pay the rent did not amount to payment of the obligation; petitioners should have deposited their
payment in the name of respondent company. On the matter of possession of the subject premises,
the court did not give credence to petitioners claim that private respondent failed to turn over

possession of the premises. The court, however, dismissed the complaint because of Ms. Bautistas
alleged lack of authority to sue on behalf of the corporation.
Deciding the case on appeal, the Regional Trial Court (RTC) of Manila, Branch 1, in Civil Case No.
94-72515, reversed and set aside the MeTC Decision in this wise:
WHEREFORE, the appealed decision is hereby reversed and set aside and another one is rendered
ordering defendants-appellees and all persons claiming rights under them, as follows:
(1) to vacate the leased premised (sic) and restore possession thereof to plaintiff-appellant;
(2) to pay plaintiff-appellant the sum of P967,915.80 representing the accrued rents in
arrears as of November 1993, and the rents on the leased premises for the succeeding
months in the amounts stated in paragraph 5 of the complaint until fully paid; and
(3) to pay an additional sum equivalent to 25% of the rent accounts as and for attorneys fees
plus the costs of this suit.
SO ORDERED.20
The court adopted the MeTCs finding on petitioners unjustified refusal to pay the rent, which is a
valid ground for ejectment. It, however, faulted the MeTC in dismissing the case on the ground of
lack of capacity to sue. Instead, it upheld Ms. Bautistas authority to represent respondent
notwithstanding the absence of a board resolution to that effect, since her authority was implied from
her power as a general manager/treasurer of the company.21
Aggrieved, petitioners elevated the matter to the Court of Appeals in a petition for review on
certiorari.22 On March 18, 1998, petitioners filed an Omnibus Motion 23 to cite Ms. Bautista for
contempt; to strike down the MeTC and RTC Decisions as legal nullities; and to conduct hearings
and ocular inspections or delegate the reception of evidence. Without resolving the aforesaid motion,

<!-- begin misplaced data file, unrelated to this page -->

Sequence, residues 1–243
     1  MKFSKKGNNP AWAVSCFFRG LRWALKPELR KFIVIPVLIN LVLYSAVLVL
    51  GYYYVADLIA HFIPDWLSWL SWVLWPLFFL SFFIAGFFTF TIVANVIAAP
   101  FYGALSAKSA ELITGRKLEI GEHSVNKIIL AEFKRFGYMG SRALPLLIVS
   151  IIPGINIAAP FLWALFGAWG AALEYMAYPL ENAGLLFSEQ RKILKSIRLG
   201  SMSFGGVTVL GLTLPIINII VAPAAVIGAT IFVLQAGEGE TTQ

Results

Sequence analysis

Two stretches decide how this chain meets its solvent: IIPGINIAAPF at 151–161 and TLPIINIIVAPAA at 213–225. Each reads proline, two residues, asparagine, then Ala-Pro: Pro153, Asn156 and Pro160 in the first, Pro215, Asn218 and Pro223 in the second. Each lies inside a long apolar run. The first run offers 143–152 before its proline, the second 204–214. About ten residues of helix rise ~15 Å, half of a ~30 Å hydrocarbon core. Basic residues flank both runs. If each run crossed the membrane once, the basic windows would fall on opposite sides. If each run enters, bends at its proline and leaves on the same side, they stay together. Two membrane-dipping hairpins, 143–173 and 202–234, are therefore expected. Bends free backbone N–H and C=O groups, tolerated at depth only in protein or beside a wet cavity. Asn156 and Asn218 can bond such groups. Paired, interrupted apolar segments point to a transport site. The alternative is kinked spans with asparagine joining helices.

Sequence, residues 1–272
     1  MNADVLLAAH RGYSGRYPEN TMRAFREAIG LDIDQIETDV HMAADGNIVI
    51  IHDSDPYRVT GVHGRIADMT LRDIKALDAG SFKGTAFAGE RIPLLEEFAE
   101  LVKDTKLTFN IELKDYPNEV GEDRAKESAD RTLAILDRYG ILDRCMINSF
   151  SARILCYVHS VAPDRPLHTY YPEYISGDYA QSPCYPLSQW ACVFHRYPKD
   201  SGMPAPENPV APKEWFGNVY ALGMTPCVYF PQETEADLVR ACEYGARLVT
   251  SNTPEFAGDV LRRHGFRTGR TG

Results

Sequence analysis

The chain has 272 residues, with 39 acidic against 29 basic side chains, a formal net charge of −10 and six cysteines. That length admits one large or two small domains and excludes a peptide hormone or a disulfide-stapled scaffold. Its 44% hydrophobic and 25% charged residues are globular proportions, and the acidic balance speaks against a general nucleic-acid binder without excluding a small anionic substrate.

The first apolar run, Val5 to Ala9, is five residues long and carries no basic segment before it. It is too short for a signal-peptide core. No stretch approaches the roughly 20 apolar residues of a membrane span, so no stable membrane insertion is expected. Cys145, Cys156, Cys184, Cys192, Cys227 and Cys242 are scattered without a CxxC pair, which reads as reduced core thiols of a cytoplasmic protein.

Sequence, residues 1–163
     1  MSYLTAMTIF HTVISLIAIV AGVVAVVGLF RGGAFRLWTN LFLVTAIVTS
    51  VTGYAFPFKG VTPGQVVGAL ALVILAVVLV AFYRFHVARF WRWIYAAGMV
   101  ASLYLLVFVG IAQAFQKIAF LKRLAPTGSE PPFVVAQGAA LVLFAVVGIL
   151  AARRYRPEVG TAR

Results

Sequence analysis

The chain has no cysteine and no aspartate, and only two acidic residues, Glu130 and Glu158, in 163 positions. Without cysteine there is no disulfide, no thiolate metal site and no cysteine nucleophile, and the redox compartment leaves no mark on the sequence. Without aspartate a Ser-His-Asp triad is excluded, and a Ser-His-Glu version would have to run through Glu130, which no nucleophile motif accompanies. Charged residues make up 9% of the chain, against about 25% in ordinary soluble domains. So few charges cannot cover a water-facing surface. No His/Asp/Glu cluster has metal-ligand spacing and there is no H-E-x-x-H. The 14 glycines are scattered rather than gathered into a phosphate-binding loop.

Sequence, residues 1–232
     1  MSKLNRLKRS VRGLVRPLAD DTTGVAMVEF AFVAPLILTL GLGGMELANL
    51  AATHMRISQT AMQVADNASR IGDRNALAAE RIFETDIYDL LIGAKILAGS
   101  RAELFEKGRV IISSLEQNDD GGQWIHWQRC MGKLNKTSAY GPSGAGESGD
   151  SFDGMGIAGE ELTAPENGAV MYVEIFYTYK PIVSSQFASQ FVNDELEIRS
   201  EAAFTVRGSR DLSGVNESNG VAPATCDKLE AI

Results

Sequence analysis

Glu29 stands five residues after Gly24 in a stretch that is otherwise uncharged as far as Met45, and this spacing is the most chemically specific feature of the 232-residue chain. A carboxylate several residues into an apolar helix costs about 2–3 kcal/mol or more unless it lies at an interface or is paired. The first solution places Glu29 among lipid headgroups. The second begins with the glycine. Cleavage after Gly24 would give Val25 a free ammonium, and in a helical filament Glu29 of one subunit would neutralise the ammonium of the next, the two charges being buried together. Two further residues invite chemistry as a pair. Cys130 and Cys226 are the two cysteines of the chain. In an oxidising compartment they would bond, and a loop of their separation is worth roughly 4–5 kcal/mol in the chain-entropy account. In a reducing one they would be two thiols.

on May 26, 1998, the CA affirmed24 the RTC Decision but deleted the award of attorneys fees.25
Petitioners moved for the reconsideration of the aforesaid decision. 26 Thereafter, they filed several
motions asking the Honorable Justice Ruben T. Reyes to inhibit from further proceeding with the
case allegedly because of his close association with Ms. Bautistas uncle-in-law.27
In a Resolution28 dated December 10, 1998, the CA denied the motions for lack of merit. The
appellate court considered said motions as repetitive of their previous arguments, irrelevant and
obviously dilatory.29 As to the motion for inhibition of the Honorable Justice Reyes, the same was
denied, as the appellate court justice stressed that the decision and the resolution were not affected
by extraneous matters.30 Lastly, the appellate court granted respondents motion for execution and
directed the RTC to issue a new writ of execution of its decision, with the exception of the award of
attorneys fees which the CA deleted.31
Petitioners now come before this Court in this petition for review on certiorari raising the following
issues:
I.
Whether this ejectment suit should be dismissed and whether petitioners are entitled to
damages for the unauthorized and malicious filing by Rosario (sic) Bautista of this ejectment

case, it being clear that [Roswinda] whether as general manager or by virtue of her
subsequent designation by the Board of Directors as the corporations attorney-in-fact had
no legal capacity to institute the ejectment suit, independently of whether Director Pacanas
Order setting aside the SEC revocation Order is a mere scrap of paper.